Bill before the House
Our local bike shop, Joey’s Bikes, has sold more bikes this year than ever before. In major cities like Washington and Richmond, you can’t find a new bike to buy. Large box stores across the country are selling kayaks right off the truck as it pulls up, as people look to the outdoors to vacation in fresh air and have a local vacation to look forward to this year. This is the reality we are in as the country seeks to recover from COVID and few people are boarding an airplane.
On June 17, the Senate voted in favor of the giving our wild and wonderful public lands a real boost. Now, the bipartisan Act heads to the House for consideration. There has never been a better time to invest in our public lands and let’s remember that these Federal workers who care for and improve these lands are our neighbors, who pay taxes and promote the million acres of National Forest here that remains a tourism gem.
The Great American Outdoors Act is critically important for West Virginia and I am calling on Congressman Alex Mooney to put his support behind the legislation.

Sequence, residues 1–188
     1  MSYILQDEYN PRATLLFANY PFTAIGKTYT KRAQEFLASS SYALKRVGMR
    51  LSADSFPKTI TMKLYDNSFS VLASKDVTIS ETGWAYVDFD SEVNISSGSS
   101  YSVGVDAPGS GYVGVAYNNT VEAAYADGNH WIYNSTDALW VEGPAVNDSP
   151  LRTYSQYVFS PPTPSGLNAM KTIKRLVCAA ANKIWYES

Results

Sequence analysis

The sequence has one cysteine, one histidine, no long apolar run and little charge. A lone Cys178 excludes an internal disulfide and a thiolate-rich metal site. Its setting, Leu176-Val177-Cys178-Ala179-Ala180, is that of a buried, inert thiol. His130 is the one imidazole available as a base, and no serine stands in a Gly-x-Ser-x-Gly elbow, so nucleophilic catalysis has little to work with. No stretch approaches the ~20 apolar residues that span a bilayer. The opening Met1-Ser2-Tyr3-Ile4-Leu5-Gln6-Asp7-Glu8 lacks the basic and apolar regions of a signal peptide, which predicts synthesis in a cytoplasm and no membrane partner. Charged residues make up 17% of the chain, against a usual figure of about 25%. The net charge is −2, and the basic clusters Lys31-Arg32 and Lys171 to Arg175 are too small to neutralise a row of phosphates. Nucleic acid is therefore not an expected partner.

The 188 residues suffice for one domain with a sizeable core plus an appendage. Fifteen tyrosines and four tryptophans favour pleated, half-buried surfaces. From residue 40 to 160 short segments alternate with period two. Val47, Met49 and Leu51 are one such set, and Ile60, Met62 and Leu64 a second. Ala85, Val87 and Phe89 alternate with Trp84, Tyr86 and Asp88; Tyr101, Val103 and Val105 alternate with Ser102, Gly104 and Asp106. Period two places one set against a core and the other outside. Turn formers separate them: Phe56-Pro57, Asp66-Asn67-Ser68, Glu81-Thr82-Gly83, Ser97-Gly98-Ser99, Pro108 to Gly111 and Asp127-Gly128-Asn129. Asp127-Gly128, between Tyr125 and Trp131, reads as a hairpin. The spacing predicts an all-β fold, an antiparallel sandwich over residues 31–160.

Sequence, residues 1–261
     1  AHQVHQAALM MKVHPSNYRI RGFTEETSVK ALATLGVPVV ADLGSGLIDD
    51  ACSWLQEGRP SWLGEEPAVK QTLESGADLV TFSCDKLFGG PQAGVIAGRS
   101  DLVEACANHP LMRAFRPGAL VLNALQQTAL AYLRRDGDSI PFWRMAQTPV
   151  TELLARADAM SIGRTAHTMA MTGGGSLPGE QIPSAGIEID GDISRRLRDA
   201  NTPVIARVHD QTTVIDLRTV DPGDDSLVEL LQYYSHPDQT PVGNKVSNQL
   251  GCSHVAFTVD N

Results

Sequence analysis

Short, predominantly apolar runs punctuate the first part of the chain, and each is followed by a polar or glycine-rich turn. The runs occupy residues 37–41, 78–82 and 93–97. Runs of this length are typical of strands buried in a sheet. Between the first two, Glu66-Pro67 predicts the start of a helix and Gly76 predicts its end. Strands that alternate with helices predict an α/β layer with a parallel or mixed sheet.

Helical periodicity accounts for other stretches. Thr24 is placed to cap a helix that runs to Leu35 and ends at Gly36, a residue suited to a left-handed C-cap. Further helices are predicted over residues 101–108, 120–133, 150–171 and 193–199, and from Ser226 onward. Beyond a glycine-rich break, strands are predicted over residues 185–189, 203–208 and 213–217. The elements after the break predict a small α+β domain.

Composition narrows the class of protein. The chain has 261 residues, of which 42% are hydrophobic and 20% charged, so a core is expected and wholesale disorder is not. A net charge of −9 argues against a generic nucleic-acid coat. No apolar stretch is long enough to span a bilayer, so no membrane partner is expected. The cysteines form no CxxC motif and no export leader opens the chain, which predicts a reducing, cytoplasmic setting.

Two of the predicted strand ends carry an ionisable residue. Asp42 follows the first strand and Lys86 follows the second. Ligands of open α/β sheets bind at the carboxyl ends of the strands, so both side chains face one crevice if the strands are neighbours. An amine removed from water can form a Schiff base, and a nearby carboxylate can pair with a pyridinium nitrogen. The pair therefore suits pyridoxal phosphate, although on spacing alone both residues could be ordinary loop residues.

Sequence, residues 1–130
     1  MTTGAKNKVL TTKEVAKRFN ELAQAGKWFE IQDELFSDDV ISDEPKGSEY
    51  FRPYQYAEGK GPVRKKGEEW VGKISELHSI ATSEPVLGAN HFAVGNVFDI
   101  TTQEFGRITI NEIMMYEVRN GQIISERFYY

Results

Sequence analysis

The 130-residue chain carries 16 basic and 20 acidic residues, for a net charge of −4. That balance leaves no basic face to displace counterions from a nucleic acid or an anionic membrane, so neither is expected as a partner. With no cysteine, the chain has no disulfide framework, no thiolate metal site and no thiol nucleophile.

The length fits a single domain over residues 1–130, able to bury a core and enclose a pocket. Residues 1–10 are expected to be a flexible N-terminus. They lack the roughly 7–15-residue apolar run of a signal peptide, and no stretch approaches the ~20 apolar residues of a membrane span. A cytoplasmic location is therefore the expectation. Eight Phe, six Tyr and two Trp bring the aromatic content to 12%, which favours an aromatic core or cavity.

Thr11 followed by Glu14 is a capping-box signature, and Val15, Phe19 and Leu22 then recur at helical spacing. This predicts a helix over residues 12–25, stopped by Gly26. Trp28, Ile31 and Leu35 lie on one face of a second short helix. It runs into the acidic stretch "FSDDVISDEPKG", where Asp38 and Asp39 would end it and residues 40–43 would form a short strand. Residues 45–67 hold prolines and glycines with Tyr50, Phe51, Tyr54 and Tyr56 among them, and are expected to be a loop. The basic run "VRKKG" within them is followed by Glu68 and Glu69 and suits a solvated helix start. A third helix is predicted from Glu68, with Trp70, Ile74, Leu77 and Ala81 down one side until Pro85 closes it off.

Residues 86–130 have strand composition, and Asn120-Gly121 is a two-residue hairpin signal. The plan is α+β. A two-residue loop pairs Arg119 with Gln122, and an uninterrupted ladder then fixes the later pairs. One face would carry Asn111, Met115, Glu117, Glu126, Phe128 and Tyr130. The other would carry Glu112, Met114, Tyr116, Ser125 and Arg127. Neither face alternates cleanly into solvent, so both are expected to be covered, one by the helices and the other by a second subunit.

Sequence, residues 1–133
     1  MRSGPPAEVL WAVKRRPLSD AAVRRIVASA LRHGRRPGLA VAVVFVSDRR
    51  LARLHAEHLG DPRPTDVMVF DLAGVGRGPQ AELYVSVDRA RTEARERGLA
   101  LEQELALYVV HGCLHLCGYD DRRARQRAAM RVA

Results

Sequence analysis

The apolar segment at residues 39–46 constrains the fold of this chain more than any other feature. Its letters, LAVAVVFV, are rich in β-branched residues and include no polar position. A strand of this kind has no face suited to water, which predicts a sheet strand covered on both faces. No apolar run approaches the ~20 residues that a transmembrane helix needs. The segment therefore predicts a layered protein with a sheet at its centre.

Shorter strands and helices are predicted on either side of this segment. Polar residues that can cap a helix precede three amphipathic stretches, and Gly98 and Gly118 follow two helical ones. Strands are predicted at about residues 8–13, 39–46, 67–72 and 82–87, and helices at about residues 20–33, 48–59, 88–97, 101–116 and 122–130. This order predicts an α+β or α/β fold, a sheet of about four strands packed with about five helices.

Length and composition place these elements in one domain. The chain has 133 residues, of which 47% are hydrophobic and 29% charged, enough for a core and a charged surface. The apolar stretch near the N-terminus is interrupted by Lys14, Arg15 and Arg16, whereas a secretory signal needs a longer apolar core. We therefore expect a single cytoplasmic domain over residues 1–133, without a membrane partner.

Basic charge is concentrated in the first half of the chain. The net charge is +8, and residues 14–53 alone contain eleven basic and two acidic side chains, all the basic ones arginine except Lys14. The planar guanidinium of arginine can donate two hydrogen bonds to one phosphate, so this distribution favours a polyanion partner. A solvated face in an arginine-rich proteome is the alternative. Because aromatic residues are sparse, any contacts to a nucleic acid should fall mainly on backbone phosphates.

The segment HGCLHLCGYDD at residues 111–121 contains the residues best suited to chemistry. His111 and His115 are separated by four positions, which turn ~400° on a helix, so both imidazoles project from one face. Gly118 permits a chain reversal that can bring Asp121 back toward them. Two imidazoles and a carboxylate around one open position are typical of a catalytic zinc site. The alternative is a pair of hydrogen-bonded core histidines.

The Great American Outdoors Act ensures that the Land and Water Conservation Fund would receive full program funding each year without going through a drawn-out appropriations process which often leaves it underfunded. LWCF is designed to provide funding for recreation and conservation projects on local, state, and federal public lands.
These investments lead to job creation and bolstering of the outdoor recreation economy throughout West Virginia and an often-cited study by WVU has shown that tourism remains the single largest growth sector of our economy in the state.
Every time we enjoy fishing, hunting or riding on the public lands we can think about how the LWCF has made these better. To date, LWCF has provided over $241 million to support over 500 projects across the Mountain State. Randolph County alone has received over $200,000 for the development of recreational resources and improvements to our parks.
How could Mr. Mooney deny the opportunity to fully fund this kind of development on exiting public lands that benefit our kids and ourselves?